These memories carry knowledge. These memories carry our identity
I awoke today with the distinct impression that “you can descend from the most intelligent family in a Balkan swamp, and fortunes change when the Persian Empire shows up.”
I must preface my awakening by divulging that I’d received an unexpected back rub a day earlier. And that my very first therapeutic massage was meted out to me on a high-class campus, designed for spiritual and emotional healing. Among agenda items for a week-long stay was proffer of personal mediation technique … and therapeutic massage.
Never having been handled in this way before, I’ll confess I considered massages vaguely dangerous; I had no real inclination to get naked with a stranger I was paying to touch me. It all seemed so … illicit. I was a complete neophyte when appearing for that first appointment. Having spent previous days admiring sophisticates who knew the intricacies of spa treatments, and the best coffee houses in Gstaad, I chose not to divulge inexperience to this man. Steep concerns for disrobing overcome, my mind raced as I lay face-down on the table, simulating relaxation while imagining threats inherent in physical intimacy.
The confident-looking masseuse inquired after my treatment preference: “What would you prefer? Shiatsu, Swedish, deep-tissue, Rolfing?” My response is no doubt indication of my need to be in therapeutic community. Anxiety fueling a fight-or-flight response, I gave no forethought to an ugly retort: “I don’t care, buddy. Just get rubbing.”
I probably should have paid closer attention to the itinerary caregivers had set out for me. I’d have had facility with terms like ‘bodywork’ and ‘emotional release.’ I remember a deferential tone when the masseuse replied, half to himself. Something about unblocking muscle memories.
I’m pretty sure it was not ten minutes later that I began blubbering into the padded doughnut cradling my face. I ached over my father’s absence, dead a quarter century.
I had vague concept of ‘repressed memory,’ and absolutely no concern that I was afflicted by it. Likewise, I’d no personal identification with childhood trauma: anybody who knew me even vaguely could readily discern that I was raised in affluence and privilege. I’d had a blessed run through childhood, never suffering anything approaching real adversity.
Having for some time been involved in family history research, I’m – twenty years on – a bit savvier about the role of memory. I’ve always been ‘nasally aware,’ and now grasp that my olfactory bulb’s location makes smell the sense most closely associated with remembrance. It’s no wonder that a burst of lilac fragrance will have me thinking of my maternal grandmother. I assume science will soon lend credence to genetic memory. There’s a lot going on.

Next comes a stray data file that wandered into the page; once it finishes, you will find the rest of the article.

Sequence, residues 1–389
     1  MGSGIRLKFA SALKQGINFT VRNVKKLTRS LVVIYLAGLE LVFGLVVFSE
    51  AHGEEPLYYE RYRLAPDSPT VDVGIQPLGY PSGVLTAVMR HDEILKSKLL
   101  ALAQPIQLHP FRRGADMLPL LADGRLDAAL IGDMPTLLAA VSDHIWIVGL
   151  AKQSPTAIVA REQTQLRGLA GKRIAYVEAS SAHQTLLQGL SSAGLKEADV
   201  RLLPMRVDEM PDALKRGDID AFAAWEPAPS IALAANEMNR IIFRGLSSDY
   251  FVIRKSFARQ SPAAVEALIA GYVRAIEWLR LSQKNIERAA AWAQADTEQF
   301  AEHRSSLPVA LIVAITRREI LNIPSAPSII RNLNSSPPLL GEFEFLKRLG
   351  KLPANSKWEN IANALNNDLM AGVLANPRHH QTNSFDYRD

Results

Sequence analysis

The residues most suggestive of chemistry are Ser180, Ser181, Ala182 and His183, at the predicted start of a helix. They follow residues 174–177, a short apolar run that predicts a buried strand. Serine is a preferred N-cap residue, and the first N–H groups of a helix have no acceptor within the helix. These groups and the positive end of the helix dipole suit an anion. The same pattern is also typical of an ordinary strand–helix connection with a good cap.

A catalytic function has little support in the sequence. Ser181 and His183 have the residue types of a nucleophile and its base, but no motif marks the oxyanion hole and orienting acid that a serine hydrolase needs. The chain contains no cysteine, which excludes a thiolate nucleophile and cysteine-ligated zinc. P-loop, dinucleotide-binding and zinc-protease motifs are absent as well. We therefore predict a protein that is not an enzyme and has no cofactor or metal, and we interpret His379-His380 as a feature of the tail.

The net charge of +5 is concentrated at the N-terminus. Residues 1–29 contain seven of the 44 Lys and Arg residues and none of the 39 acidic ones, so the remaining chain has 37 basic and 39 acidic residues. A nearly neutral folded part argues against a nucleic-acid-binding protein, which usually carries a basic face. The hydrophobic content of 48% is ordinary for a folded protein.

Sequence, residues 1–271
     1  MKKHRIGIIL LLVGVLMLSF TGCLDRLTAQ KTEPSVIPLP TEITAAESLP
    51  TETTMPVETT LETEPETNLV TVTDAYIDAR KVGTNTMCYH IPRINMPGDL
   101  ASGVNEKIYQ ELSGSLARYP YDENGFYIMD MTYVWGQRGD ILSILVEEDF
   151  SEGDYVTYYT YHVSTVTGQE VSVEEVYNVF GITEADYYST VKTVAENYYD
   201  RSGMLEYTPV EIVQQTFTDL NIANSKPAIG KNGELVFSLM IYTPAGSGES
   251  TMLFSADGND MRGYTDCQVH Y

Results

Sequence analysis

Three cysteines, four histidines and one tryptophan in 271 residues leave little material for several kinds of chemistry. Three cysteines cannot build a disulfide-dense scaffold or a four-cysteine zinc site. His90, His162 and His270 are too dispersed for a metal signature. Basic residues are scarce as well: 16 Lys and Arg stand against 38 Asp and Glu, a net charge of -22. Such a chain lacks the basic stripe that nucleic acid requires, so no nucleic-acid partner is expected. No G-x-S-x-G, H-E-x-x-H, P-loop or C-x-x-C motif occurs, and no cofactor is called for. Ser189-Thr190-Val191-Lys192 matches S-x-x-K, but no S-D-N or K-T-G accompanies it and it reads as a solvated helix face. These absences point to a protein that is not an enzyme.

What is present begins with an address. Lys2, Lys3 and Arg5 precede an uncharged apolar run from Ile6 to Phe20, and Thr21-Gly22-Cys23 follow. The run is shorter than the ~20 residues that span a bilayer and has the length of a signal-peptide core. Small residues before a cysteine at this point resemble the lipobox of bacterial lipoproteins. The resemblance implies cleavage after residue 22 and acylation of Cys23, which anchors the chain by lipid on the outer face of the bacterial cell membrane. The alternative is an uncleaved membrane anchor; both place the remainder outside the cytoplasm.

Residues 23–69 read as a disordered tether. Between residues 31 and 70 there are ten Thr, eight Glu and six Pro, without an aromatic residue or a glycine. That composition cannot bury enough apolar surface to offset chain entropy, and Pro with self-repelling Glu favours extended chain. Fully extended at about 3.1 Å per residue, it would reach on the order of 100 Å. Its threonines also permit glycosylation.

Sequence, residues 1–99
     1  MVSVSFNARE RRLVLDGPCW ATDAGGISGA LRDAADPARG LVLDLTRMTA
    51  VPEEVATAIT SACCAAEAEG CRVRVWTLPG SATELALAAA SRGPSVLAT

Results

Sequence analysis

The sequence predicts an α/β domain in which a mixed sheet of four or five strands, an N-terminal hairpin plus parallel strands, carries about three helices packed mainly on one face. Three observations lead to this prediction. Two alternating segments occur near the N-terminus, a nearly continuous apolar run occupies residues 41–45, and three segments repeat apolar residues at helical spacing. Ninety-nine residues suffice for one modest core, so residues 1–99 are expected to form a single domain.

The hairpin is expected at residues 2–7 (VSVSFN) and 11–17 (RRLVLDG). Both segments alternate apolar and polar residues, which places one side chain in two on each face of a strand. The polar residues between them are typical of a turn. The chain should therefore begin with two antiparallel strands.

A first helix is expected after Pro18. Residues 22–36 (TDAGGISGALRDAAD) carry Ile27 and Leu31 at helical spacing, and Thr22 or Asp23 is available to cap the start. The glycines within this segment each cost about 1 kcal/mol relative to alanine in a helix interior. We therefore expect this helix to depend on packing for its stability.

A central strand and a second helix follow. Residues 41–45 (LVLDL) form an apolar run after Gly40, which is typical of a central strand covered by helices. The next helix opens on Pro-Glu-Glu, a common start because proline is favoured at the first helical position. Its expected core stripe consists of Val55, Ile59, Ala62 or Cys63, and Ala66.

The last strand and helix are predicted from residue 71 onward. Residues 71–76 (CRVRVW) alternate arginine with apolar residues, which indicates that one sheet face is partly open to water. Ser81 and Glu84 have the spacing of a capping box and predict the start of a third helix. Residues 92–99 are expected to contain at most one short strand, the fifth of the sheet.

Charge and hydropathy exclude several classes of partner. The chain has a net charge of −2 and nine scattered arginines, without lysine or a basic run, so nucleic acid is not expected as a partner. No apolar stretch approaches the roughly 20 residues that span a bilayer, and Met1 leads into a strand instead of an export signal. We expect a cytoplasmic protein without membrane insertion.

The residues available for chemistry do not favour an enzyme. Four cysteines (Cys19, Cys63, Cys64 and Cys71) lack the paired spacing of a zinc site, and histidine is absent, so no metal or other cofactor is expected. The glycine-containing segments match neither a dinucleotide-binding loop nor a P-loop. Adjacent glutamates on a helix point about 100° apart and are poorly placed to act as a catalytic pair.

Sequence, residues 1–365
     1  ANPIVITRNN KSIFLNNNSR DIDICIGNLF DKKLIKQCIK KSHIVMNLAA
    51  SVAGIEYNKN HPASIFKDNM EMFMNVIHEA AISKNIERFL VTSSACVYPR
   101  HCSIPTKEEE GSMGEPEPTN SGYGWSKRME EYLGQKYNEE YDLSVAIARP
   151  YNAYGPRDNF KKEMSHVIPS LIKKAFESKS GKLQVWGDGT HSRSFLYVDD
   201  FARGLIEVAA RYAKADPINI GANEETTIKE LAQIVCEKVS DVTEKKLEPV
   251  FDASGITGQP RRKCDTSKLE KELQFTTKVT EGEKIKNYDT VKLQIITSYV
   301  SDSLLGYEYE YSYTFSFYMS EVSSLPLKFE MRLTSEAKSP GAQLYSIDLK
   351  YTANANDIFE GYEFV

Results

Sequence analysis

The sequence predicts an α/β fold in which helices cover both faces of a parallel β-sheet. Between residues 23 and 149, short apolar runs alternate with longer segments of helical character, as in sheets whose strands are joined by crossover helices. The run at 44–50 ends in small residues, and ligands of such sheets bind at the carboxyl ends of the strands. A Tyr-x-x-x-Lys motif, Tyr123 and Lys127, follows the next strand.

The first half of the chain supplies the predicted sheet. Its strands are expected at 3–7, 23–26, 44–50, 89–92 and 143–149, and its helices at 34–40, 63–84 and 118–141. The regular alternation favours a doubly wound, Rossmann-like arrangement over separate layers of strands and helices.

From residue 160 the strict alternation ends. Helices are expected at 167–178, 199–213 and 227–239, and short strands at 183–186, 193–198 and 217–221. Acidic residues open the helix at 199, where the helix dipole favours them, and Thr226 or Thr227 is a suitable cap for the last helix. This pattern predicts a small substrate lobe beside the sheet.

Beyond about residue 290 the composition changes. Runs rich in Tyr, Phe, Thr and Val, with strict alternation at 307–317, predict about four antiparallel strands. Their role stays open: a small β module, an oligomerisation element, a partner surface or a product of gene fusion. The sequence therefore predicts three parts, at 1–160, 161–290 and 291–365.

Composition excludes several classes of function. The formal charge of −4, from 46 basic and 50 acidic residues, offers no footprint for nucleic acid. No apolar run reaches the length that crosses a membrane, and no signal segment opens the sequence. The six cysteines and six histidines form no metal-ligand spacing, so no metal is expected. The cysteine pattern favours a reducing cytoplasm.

Two days ago, I eased into the flow as a clinician surprised me by adding an upper-back massage to treatment I was expecting. I really didn’t have time to make conscious decision before being manhandled into deep awareness of emotional bond with childhood pets. I was raised by female German Shepherds. With each animal in turn, I was urged to re-experience nearly unconditional love in an age of general innocence. (Nearly unconditional: Pixie and I ran away from home after receiving maternal maltreatment I no longer recall. Though it did not surface in my recent session, I still carry shock and a keen sense of betrayal: my best friend in the world trotted home for dinner.) I sensed affection shared with Tripod, a three-legged stable cat who – generally disdainful of mankind – appreciated me most in that family-of-origin. Buck, Peeper, I recalled them all. I was even able to conclude that my dim-witted quarter horse Brandy liked me more than I realized. Tears flowed and the nice, Asian lady with decidedly probing fingers asked no questions.
It surprised me to wake this morning, with discernible recognition that my dreams had placed me in a crude village where most men bore my father’s chin and brow. We all looked more alike than we did different. I hadn’t given much thought to ancestral ties to tribalism since Native poet and activist John Trudell asked an Oregon audience to pity us Anglos: “They once had the drum. They once had the songs and ran with the reindeer. Have compassion for your White brothers and sisters; they are Human Beings who have lost their way.”
None truly know whether my paper lineage, to European kings and queens, has any correlation to actual genetic ties. But dream recall seemed to inform me that once, long ago, my clan held dominion. Sure, I sensed their span of sovereign control was almost insignificant; it felt as if we were but a few hundred people in that crude village. But I had palpable impression that ancestors believed our destiny was largely within our control.
I’ve not been particularly disciplined about dream recall. It’s not a common occurrence in my lived experience. Clear memory grew notable this morning as I emerged into semi-wakefulness. Consciousness took the upper hand and a chilling ‘thought’ arose: no matter the kingly status of the men with my father’s chin, others arrived on horseback. With more durable weaponry they mastered my stock, dwelling in the marshes.
I’m not sure of the moral of this story. For all I know, I’m mourning lost hope. (My ‘Art is Breaking Out All Over’ theory is premised on the idea that, as Trump dismantles American institutions, creatives with stifled aspirations are turning to self-expression.)
I’ve never submitted my DNA for testing: I have no known connection to the Balkans. But I have managed to build intense emotional connection with others in my family tree who struggled through the American Revolution: I know in my bones the relief they felt, exercising opportunity to throw off tyranny.
Maybe I’m responding to something in those bones. Warning me that my genetic code has been through subjugation before. That liberty is so precious in the history of mankind.